Lobsters, Oysters and Art in Damariscotta, Maine
By Susan Fogwell
In Mid-Coast Maine, I ate breakfast with a water view–not an ocean view, but a river view.
In late May I sat in the dining room of The Newcastle Inn with my husband overlooking the Damariscotta River.
It was about 8 AM and the temperature was a tad too cool for alfresco dining on the elevated deck, but from our table, the river was visible and so were the blooming rhododendron and dogwoods.
On the wall, an old B&W photo taken of the inn in the 1950s revealed that not much has changed in the 60 plus years since the image was snapped.
This is what I love most about Maine; time seemingly stands still. The three-story sea captain’s house was built in 1860 and has been an inn for what seems like forever.
Harley, the server, brought us fresh strawberries and blueberries with a dollop of crème Fraiche. A couple from Ohio were seated across from us—they were visiting to attend a wedding. Another couple, from San Juan, had been visiting for a week.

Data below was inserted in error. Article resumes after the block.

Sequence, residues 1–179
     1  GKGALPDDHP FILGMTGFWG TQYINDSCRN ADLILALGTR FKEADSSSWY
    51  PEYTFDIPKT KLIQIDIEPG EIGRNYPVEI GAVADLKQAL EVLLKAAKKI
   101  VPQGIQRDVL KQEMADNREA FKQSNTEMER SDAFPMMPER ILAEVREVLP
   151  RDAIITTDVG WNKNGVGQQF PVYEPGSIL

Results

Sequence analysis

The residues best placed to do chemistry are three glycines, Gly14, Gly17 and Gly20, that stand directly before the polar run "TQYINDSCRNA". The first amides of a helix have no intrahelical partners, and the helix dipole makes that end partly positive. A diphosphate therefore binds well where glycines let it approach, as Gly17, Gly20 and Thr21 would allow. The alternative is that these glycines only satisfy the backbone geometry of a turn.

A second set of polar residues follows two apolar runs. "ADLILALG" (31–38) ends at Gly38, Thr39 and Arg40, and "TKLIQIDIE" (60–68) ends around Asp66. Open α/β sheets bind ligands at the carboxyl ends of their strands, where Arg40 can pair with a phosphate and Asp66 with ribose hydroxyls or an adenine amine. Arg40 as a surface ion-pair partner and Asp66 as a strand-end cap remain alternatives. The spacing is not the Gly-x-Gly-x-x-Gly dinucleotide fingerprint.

Newcastle’s Twin Village
We were ready to explore Damariscotta which is known as Newcastle’s “Twin Village.” The Damariscotta-Newcastle Bridge which separates the shellfish-crazy villages is a mere half-mile away. But first, we meandered down the sloping property behind the inn to admire the blooming purple and white irises.
A small raised bed was prepped for planting. Julie, the innkeeper, will grow Red Pontiac potatoes for the first time. There are two side-by-side Adirondack chairs providing a peaceful view of the 19.0-mile-long tidal river that empties into the Atlantic Ocean.
It’s been said that Damariscotta is an old Abenaki word for “river of many fishes.” We sat down to soak up the serene setting. It’s a slice of Maine paradise and just the spot to kick back with a good book.
Damariscotta’s Shuck Station
At lunchtime, we were in the car. In a minute or so, we were in the small village of Newcastle named after the Duke of Newcastle, a friend of the colonies.
I turned left into Shuck Station, a converted brick gas station. It was noon and now T-shirt weather so we grabbed a seat outside under an umbrella and ordered two Oyster Po’Boy sandwiches.
It’s all about oysters in Damariscotta. Oysters thrived here over two thousand years ago, and massive shell heaps remain along the banks left by Native American tribes.
The oysters disappeared by the 1970s, but today, a handful of oyster farmers cultivate oysters on the river. The river yields 2 to 3 million oysters each year.